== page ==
Maitland, Carleen and Ying Xu. 2016. A Social Informatics Analysis of Refugee Mobile Phone Use: A Case Study of Za’atari Syrian Refugee Camp,” in CHI Proceedings

Zeisal, John.1981. Inquiry by Design. Chapters 3, 5, & 6

Week 6, September 27, T 6–10pm 
Consolidate Data: SWOT & Gap Analysis
Assignent Due
: Baltimore Fulcrum Data
Class Content — Prototyping and Design through Data;
 Possible Guest Speaker, TBD
Studio — Teams consolidate Fulcrum and Previous Data. Assemble clear presentation of data. Experiment with correlations and other analytics. Discuss and identify indicators for additional data collection ( collect as needed). Initiate Design of Final Presentation and Provide Intervention Pitch.
Assignment Due: Reflection on class activities in relation to readings.
Assignment Given: Phase 2Indicator Research w/ Fulcrum

Reading: Wall, Melissa; Campbell, Madeline; Janbek, Dana. 2015. “Syrian refugees and information precarity” New Media & Society, 1–15

Week 7, October 4, 16 6–10pm From Data to Informatics
Class Content — Cultures, Information, & Post-Structuralism
Reading Due
: Artemis — just read as much as possible
Written Assignment Due: Self Review (1 Page minimum)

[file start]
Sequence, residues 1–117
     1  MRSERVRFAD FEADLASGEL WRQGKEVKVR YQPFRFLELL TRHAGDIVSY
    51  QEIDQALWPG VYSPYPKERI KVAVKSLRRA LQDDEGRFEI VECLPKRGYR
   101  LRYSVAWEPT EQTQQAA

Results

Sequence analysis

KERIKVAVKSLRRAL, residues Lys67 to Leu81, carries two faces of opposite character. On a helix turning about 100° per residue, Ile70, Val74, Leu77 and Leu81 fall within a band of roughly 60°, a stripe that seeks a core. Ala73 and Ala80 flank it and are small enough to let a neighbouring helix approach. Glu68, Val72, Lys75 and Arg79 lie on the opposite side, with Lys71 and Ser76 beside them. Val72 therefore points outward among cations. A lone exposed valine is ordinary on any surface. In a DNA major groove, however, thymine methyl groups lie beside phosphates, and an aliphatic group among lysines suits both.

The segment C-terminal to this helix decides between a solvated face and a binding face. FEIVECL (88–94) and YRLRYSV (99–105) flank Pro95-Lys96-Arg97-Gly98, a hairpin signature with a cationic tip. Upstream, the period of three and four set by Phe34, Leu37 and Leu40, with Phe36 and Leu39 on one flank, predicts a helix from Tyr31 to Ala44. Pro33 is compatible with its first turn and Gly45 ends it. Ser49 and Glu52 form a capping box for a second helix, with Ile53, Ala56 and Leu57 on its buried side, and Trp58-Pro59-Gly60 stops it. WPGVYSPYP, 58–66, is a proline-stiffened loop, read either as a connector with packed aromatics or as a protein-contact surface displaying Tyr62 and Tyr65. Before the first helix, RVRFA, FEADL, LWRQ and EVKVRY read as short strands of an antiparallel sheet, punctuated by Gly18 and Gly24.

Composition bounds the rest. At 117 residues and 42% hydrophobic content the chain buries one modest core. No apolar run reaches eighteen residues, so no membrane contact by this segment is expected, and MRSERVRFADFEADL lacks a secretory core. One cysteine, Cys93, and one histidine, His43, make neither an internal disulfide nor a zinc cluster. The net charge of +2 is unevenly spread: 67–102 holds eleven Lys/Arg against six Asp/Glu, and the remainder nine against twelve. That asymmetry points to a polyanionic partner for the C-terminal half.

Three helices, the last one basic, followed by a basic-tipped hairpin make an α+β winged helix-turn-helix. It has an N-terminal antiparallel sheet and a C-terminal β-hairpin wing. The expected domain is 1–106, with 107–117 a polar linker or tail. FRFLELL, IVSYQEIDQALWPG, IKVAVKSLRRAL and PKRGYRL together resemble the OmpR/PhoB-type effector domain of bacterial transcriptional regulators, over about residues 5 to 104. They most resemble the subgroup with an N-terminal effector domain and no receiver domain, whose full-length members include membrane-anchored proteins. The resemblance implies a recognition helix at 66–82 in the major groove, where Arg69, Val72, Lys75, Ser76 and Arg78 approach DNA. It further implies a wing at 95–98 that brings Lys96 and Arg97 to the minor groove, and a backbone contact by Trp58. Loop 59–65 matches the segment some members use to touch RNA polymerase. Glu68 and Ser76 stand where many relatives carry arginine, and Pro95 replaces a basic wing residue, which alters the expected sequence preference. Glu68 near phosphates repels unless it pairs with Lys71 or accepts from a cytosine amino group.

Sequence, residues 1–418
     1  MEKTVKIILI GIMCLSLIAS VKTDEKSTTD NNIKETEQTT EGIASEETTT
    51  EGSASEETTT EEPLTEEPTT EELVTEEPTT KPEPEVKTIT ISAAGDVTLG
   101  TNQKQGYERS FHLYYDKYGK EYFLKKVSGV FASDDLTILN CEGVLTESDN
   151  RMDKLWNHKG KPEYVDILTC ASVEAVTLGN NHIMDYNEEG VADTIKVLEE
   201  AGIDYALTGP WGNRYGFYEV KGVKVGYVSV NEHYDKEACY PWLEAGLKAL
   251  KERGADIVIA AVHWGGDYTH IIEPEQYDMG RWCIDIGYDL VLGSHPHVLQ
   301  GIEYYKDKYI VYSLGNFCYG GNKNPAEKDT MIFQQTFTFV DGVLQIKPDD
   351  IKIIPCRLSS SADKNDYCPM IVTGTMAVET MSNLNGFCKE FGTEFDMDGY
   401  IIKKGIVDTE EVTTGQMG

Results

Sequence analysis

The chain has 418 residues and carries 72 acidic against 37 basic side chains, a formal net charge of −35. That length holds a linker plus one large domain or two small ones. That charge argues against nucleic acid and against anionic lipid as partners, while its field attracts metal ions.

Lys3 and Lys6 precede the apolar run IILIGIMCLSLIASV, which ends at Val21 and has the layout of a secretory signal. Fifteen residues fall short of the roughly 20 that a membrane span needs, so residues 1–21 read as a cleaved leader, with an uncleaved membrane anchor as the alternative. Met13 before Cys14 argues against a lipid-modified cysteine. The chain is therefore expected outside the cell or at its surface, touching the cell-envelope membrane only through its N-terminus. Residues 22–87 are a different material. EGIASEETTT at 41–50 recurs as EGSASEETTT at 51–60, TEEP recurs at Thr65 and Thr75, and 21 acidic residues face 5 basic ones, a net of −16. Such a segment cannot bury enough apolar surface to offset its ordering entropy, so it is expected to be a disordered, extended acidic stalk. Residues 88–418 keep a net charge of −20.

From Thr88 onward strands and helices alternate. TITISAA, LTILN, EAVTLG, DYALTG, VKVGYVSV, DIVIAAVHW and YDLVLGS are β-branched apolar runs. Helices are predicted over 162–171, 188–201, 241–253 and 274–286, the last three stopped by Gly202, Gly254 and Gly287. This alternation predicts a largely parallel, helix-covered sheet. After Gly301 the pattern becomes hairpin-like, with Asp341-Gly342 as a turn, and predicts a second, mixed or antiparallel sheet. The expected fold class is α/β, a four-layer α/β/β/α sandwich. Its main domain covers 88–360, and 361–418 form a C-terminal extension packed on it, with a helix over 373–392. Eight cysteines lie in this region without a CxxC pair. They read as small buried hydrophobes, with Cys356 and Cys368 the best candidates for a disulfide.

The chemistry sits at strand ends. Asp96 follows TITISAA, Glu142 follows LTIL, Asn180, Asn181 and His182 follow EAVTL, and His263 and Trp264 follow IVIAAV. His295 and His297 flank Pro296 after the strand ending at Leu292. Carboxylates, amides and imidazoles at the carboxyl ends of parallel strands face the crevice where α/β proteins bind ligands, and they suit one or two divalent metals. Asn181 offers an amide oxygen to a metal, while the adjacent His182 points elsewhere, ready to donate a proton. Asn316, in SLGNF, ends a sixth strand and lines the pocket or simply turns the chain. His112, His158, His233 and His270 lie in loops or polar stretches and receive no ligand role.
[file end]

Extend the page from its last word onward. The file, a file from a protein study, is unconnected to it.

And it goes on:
In-Class Studio
—Data Synthesis & Presentation
- Construct and deliver a narrative not a report
- Use data to advance the story
- Introduce intervention at an intelligent point in narrative to sell the entire process, product, and outcome

Suggested Watching: Dan Hill on Dark Matter

Week 8, October 11, T 6–10pm Final Presentations. Presentation of Team DataViz & Suggested steps forward for Intervention 
Opportunity Project Presentations and Analysis Discoveries. 
Course critique and discussion.

Written Assignment to do In-Class: Self Review Update (1 paragraph minimum)
Course evaluations.

Suggested Assets

ATTENDANCE POLICY Students are expected to attend all meetings of each class in which they are enrolled, including Cultural Relevance & Awareness. Unexcused absences from three class meetings will result immediately with a failing grade.

Academic Policy Statements:

Americans with Disabilities Act Any student who may need an accommodation based on the potential impact of a disability should contact the Learning Resource Center at 410–225–2416, in Bunting 458, to establish eligibility and coordinate reasonable accommodations.